This is a review of "This Sporting Life" recorded by Skint & Demoralised. The review was written by Matty Lund in 2011.
Some of you may remember Matt Abbott's initial project. I would imagine that the majority of readers won't. So, I'm gonna attempt to put you in the know before we get down to the nitty gritty. It's quite a dramatic journey, so, try and keep up.
Matt started out his career in music as a poet, and performed at gigs, in and around his native hometown of Wakefield. Along comes a producer, the mysterious 'Mini Dog' from Sheffield, and asks Matt if he would be interested in putting music with his lyrics. Skint & Demoralised was born. The collaboration took off from here. They were championed by the very reputable Steve Lamacq, who cited 'Thrill of Thirty Seconds' as his song of the year back in 2008. Mercury offered them a major recording deal, and off they went to the Daptone Studios in New York to record, what should have been their debut album, titled 'Love & Other Catastrophes'. Skint & Demoralised didn't take off like Mercury had hoped. Despite getting plenty of exposure, radio airplay and songs played on the likes of Waterloo Road and Gavin & Stacey - the definition of success, I know - their 'make or break' single 'Red Lipstick' failed to reach the Top 40. So, Mercury pulled the plug on the album and the record deal.
After a difficult few months, Matt decided he wasn't gonna sit around feeling sorry for himself, and wondering what could have been, and got a band together made up of friends and local musicians. They sampled new material and starting playing together around West Yorkshire. Matt scored a deal with Heist or Hit Records, and a single release and double album release was scheduled.
So, that's a concise update of Skint & Demoralised to this day; there's plenty of information that I've excluded. Believe me, that is the most concise I could get it.
'This Sporting Life' shows the progression that Matt has gone through over the past few turbulent years. The lyrics are more mature and at times rather harrowing. However, musically there hasn't been a dramatic overhaul of sound. They've dropped the female backing vocalist and got rid of the brass section of the orchestra but there is still an abundance of jangly Marr-esque guitars accompanying the Northern Soul beat and the sometimes fantastic lyrical work. That's a good thing, because the previous sound was one that they had nailed, it was a sound that even the most uptight of people couldn't help doing a subtle jive along to.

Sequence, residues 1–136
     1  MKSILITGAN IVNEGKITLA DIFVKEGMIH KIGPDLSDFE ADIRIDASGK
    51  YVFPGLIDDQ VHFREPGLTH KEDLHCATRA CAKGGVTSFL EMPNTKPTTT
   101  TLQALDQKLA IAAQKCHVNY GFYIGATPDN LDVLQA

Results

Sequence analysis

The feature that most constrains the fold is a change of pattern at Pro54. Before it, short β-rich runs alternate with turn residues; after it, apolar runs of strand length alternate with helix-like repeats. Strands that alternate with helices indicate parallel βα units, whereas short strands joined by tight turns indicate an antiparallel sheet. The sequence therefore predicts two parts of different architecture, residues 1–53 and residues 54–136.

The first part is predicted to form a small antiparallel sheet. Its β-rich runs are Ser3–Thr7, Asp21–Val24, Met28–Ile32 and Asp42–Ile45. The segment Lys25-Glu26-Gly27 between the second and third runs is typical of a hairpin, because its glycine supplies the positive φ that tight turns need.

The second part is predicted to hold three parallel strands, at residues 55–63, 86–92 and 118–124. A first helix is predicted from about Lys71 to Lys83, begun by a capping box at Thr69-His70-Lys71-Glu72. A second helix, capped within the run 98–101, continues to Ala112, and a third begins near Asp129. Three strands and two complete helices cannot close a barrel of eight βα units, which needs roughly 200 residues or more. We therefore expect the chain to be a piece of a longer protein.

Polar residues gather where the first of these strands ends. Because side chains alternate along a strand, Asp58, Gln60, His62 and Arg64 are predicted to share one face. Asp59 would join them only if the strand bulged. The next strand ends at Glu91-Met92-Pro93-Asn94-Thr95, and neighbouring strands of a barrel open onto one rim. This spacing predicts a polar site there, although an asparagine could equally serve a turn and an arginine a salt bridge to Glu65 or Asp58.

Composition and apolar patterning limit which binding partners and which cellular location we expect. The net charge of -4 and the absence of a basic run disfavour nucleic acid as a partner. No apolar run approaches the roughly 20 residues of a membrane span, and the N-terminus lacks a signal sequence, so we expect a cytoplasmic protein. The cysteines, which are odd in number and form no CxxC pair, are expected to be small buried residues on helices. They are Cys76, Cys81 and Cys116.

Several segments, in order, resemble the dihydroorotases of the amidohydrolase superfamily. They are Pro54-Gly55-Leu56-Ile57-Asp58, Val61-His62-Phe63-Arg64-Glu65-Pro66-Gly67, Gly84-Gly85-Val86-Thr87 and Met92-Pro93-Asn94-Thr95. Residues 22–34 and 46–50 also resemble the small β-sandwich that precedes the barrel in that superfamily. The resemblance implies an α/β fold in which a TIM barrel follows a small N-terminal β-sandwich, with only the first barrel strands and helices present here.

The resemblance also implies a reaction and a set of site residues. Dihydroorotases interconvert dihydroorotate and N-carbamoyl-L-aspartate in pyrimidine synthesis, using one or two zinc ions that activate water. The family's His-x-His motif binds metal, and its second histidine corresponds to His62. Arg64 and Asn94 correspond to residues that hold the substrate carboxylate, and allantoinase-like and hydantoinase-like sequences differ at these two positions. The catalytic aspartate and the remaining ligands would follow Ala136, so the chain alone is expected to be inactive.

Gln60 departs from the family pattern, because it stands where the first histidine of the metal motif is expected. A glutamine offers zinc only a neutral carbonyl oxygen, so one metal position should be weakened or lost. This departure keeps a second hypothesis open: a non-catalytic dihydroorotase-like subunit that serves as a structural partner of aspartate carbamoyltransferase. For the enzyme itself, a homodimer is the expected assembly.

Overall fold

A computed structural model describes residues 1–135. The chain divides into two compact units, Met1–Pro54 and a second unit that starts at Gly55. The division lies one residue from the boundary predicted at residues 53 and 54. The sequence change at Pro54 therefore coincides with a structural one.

'Catastrophes' is practically all spoken word but 'This Sporting Life' sees a shift away from that formula. Although Matt clearly isn't a natural born singer, the vocals (which almost sound Shane MacGowan-like during the opening track) work with the music and lyrics; it all just gels together perfectly. There seems to be a sense of camaraderie within the band. Where Matt used to have anonymous session musicians performing with him on-stage, he can now look round and see some familiar faces, faces that he has known for years, and I think that makes him more comfortable.
In summary, the double album, if you will, is a mostly winning introduction (for most) to Skint & Demoralised, with flashes of brilliance. If they utilise the things they are good at, Skint & Demoralised could do very well for themselves indeed. There's plenty of solid material that should ensure their live shows are a spectacle worth seeing. Some may dismiss them as 'landfill indie' after 30 seconds - the song and the duration - but I urge you to give it a proper listen and guarantee that you will find some genius work. After all, some of the greatest bands could be grouped under the indie umbrella, the Smiths for example. I'm not comparing Matt Abbott to Morrissey though. Or am I?